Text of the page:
Now, Obama or his successor will have to sort out the conflicted military and diplomatic relationships that have followed (1) his announced intent to call Duterte out for the extrajudicial executions and his call for vigilante murders and guarantee to officials of impunity; (2) being grossly insulted in a manner which cost him enourmous “face” in the Philippines and Asia; and (3) then failing to respond even with clear words and a clear articulation of U.S. values and foreign policy principles, further compounding the loss of face.

“Playing nice” obviously did not work with Duterte, as it has not worked with other authoritarian leaders.

Obama should now make a clear statement on the issue of extrajudicial executions, vigilante justice, and impunity in the Philippine’s drug war. He should also speak clearly about strategic issues, taking care not to appear to be dealing from a position of weakness, which would undermine U.S. supporters among the military, the government, and the population of the Philippines.

When the president of a country leads the assault on the “rule of law”, and there is no strong response from other countries, civilization itself starts to crumble.

The Trenchant Observer

About the Author

The Observer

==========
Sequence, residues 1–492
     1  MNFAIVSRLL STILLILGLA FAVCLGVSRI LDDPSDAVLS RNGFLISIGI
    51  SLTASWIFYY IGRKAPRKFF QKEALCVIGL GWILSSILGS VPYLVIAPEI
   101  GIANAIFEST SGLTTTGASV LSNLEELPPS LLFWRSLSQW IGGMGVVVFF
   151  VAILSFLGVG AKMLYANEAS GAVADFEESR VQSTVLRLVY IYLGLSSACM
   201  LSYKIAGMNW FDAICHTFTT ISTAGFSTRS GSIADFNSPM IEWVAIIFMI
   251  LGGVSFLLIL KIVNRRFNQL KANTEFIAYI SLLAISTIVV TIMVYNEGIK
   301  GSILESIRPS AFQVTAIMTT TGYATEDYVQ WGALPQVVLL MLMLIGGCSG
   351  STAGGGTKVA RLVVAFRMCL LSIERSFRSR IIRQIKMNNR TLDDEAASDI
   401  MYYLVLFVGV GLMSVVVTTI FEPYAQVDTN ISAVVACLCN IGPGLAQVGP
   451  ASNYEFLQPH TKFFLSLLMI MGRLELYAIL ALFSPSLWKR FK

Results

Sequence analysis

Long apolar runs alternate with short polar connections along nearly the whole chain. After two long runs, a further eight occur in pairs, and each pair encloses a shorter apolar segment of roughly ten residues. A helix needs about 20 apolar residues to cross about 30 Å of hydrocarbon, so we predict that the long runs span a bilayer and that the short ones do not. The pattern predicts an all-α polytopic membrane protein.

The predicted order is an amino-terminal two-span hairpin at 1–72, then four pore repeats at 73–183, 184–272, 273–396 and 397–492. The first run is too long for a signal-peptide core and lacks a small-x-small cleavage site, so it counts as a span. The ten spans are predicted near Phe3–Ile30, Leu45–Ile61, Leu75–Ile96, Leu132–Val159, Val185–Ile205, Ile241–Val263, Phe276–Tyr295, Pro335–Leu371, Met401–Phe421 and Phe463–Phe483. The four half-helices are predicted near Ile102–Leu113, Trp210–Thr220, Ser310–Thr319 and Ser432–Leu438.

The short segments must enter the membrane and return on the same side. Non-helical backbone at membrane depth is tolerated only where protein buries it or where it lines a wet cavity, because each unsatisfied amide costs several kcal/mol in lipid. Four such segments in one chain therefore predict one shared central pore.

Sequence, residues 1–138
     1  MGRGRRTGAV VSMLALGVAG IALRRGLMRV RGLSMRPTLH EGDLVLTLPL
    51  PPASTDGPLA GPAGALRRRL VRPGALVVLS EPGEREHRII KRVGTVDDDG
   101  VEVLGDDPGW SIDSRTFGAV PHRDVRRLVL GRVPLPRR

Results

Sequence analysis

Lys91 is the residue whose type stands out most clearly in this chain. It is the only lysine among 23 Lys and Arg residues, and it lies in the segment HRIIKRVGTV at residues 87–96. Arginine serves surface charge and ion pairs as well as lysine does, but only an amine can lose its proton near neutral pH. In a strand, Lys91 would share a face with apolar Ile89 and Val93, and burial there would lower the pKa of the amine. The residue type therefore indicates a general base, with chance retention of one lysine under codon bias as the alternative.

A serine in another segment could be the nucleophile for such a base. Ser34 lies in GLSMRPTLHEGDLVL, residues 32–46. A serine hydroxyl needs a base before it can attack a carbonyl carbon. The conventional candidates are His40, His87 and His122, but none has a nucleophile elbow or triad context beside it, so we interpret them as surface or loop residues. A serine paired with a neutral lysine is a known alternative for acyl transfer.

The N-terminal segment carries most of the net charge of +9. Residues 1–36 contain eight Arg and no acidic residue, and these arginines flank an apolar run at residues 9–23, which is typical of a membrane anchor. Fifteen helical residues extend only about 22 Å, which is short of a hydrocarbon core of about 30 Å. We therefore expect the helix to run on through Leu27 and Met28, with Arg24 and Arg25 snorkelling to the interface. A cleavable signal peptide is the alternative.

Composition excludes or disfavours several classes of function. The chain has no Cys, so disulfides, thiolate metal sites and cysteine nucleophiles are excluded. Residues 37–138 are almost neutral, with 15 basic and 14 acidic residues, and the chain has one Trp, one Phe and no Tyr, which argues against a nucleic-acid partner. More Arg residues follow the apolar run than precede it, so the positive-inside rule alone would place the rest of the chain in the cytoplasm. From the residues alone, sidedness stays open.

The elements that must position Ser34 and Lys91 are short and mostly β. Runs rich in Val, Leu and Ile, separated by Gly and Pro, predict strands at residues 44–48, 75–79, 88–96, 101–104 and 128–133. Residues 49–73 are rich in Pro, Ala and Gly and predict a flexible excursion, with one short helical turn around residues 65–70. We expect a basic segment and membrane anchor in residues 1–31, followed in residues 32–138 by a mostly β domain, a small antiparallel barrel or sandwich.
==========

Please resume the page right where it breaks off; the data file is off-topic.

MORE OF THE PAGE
"The Trenchant Observer" is edited and published by The Observer, an international lawyer who has taught International Law, Human Rights, and Comparative Law at major U.S. universities, including Harvard, Brandeis, the University of Pittsburgh, and the University of Kansas. He is a former staff attorney at the Inter-American Commission on Human Rights of the Organization of American States (IACHR), where he was in charge of Brazil, Haiti, Mexico and the United States, and also worked on complaints from and reports on other countries including Argentina, Chile, Uruguay, El Salvador, Nicaragua, and Guatemala. As an international development expert, he has worked on Rule of Law, Human Rights, and Judicial Reform in a number of countries in Latin America, the Caribbean, Africa, the Middle East, South Asia, and the Russian Federation. In the private sector, The Observer has worked as an international attorney for a leading national law firm and major global companies, on joint ventures and other matters in a number of countries in Europe (including Russia and the Ukraine), throughout Latin America and the Caribbean, and in Australia, Indonesia, Vietnam, China and Japan. The Trenchant Observer blog provides an unfiltered international perspective for news and opinion on current events, in their historical context, drawing on a daily review of leading German, French, Spanish and English newspapers as well as the New York Times, the Wall Street Journal, the Washington Post, and other American newspapers, and on sources in other countries relevant to issues being analyzed. The Observer speaks fluent English, French, German, Portuguese and Spanish, and also knows other languages. He holds an S.J.D. or Doctor of Juridical Science in International Law from Harvard University, and a Doctor of Law (J.D.) and a Master of the Science of Law (J.S.M.), from Stanford University. As an undergraduate, he received a Bachelor of Arts degree, also from Stanford, where he graduated “With Great Distinction” (summa cum laude) and received the James Birdsall Weter Prize for the best Senior Honors Thesis in History. In addition to having taught as a Lecturer on Law at Harvard Law School, The Observer has been a Visiting Scholar at Harvard University's Center for International Affairs (CFIA). His fellowships include a Stanford Postdoctoral Fellowship in Law and Development, the Rómulo Gallegos Fellowship in International Human Rights awarded by the Inter-American Commission on Human Rights, and a Harvard MacArthur Fellowship in International Peace and Security. Beyond his articles in The Trenchant Observer, he is the author of two books and numerous scholarly articles on subjects of international and comparative law. Currently he is working on a manuscript drawing on the best articles that have appeared in the blog.